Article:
Thai Tea Creme Brulee
Creme brulee is an easy-but-elegant dessert to make at home, and it’s a great one to make in advance! It’s also a perfect candidate for being “Thai-ified”. The flavour of Thai tea works wonders with the creaminess of the custard, and the slight bitterness of the tea actually balances the richness and sweetness, making it very hard to stop eating! You can make the custard in advance, keep it wrapped in the fridge, and brulee the sugar whenever you’re ready to serve. If you don’t have a blowtorch, you can also melt the sugar under the broiler, preheat it VERY hot and put the COLD custard on the highest rack. Disclaimer: I’ve never done the broiler method personally, but I know it can be done. Let me know how it goes!
Makes 3 standard size crème brûlée ramekins
- 1 cup (240 ml) whipping cream
- ¼ cup (60 ml) water
- ½ cup (120 ml) evaporated milk
- 3 Tbsp (45 ml) Thai tea leaves
- ⅓ cup (80 ml) sweetened condensed milk
- 4 large egg yolks
- 4 Tbsp sugar
- A pinch salt
Note: It is very important that your creme brulee is shallow so you have the right crust-to-custard ratio, so use a shallow and wide ramekins like ones I use in the video. If you only have deep ones, only fill them to about 2 cm deep.
Preheat the oven to 325°F.
In a pot, heat cream, water, and evaporated milk until it starts to steam and foam (careful, it can boil over!). Turn the heat off, add Thai tea leaves, stir well and let it steep for at least 5 mins.
Meanwhile, in a mixing bowl, stir together condensed milk, sugar and salt. Add egg yolks and stir to combine.
Strain the tea leaves out of the cream using either a fine mesh strainer or a cloth strainer, squeeze or press out as much liquid as you can. If the mixture is too hot for you to squeeze, just let it sit and cool down a bit. Note: If using a mesh strainer, you may get tiny specks of tea dust in your custard, which is fine, it will not affect the flavour and it will look a bit like tiny vanilla bean specks!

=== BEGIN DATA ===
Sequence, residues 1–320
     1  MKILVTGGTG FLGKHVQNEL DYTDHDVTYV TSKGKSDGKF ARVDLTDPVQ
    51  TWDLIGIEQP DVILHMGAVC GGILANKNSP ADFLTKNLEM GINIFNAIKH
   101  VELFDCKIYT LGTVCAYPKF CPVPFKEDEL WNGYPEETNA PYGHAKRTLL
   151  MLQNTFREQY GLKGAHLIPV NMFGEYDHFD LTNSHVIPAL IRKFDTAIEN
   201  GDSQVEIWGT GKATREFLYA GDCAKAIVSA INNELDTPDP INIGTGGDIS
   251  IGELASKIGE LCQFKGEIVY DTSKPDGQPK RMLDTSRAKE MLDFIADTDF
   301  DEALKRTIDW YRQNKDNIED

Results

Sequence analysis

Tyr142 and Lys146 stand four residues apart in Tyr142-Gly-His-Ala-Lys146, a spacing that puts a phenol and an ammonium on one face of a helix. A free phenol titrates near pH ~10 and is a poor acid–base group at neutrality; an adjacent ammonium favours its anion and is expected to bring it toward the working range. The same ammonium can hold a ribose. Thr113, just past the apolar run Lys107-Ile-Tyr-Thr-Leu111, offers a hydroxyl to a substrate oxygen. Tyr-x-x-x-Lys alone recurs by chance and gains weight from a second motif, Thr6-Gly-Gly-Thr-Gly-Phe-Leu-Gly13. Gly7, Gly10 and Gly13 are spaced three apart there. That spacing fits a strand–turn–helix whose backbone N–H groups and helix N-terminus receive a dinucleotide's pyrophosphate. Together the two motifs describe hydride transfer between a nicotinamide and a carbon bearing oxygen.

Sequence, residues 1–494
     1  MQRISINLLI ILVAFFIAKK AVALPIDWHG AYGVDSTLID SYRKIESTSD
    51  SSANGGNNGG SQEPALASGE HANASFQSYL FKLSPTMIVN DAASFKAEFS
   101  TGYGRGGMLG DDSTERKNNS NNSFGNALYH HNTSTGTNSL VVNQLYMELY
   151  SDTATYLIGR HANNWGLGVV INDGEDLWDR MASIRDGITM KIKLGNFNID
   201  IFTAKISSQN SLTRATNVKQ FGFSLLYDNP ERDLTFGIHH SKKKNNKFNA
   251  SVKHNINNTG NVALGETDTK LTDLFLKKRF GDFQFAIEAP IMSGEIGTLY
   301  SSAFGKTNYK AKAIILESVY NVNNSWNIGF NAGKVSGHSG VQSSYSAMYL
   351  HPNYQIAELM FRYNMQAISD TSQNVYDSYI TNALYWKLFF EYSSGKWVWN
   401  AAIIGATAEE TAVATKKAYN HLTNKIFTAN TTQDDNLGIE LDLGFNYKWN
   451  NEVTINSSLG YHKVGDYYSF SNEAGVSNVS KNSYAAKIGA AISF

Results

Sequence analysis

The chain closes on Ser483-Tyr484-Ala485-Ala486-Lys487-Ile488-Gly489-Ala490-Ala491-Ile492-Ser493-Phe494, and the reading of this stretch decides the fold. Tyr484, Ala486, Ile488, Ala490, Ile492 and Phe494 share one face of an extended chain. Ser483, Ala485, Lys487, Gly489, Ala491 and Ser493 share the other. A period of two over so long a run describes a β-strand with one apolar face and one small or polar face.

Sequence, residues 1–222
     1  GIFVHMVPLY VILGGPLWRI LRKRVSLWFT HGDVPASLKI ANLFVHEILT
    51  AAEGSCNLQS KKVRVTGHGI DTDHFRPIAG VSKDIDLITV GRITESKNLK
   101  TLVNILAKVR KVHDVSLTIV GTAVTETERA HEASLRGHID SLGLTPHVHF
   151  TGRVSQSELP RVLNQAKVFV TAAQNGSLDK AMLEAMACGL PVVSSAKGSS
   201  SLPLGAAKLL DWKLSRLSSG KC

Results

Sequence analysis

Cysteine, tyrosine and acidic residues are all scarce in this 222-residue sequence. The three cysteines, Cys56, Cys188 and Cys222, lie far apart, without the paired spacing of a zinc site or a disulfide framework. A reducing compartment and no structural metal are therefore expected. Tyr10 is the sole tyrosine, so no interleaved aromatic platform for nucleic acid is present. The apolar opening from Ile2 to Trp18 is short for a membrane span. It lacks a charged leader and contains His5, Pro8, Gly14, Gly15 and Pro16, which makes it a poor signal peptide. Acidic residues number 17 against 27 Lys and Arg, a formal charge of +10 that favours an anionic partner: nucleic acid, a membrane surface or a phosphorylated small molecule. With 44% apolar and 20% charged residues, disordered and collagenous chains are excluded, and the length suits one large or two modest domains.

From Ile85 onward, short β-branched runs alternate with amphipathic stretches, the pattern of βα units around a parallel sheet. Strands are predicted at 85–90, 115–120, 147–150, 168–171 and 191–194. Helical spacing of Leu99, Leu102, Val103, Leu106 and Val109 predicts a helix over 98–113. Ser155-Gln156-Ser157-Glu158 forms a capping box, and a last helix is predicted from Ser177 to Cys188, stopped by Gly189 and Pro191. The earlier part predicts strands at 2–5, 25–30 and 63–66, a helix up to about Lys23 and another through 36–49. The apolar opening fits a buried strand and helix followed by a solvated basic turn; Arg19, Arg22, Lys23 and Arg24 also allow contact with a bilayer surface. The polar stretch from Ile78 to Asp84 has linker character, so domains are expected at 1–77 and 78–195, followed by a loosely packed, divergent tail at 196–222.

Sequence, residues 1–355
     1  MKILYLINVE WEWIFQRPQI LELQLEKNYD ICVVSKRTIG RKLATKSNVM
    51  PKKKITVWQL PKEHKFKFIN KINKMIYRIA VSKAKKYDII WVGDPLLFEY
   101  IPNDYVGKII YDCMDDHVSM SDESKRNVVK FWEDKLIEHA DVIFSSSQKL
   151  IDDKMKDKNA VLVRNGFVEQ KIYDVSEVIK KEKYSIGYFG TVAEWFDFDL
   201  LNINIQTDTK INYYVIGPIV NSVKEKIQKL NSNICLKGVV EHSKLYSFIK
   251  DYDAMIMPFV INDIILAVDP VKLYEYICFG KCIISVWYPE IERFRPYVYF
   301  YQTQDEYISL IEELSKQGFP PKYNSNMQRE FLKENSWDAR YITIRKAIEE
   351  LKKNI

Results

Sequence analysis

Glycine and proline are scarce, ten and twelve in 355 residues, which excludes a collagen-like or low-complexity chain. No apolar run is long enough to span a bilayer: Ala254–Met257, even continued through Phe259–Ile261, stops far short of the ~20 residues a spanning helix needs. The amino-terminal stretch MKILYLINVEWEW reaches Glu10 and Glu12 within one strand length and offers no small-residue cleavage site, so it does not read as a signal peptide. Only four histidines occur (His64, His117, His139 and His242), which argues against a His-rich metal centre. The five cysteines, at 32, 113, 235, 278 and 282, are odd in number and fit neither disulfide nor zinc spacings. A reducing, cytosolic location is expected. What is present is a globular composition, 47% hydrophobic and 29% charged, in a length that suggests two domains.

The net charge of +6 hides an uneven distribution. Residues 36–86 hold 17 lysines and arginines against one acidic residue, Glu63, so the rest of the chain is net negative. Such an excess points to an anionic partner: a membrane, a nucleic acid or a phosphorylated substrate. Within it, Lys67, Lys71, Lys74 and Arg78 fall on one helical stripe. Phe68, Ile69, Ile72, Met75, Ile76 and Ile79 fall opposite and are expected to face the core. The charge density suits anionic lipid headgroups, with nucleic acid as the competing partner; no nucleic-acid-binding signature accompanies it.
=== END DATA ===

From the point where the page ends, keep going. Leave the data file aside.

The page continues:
Gradually whisk the tea mixture into the egg mixture, being careful not to lift the whisk and beat in air. Strain the custard through a sieve into a spouted container. Pour the custard into 3 standard creme brulee ramekins, set in a quarter sheet pan or a baking tray deep enough to hold about hald an inch of water. Remove any large bubbles by scooping them off with a spoon or flashing them with the blowtorch.
Place the tray on the middle oven rack, carefully pour hot tap water into the baking tray so that the water comes about half way up the ramekins. Bake for 35-45 mins. To check for doneness, tap the ramekins gently to get them moving, if the custard jiggles like jello, it’s done, but if it creates a waving motion on the surface, it is still too liquid.
Chill completely in the fridge for a few hours.
When ready to serve, spread 2-3 teaspoons of sugar evenly on the surface. Using a blowtorch or a broiler set on high (rack on highest level), melt the sugar until it is browned. Let it cool for a few minutes until the sugar is hardened. Serve immediately.
Thai Tea Creme brulee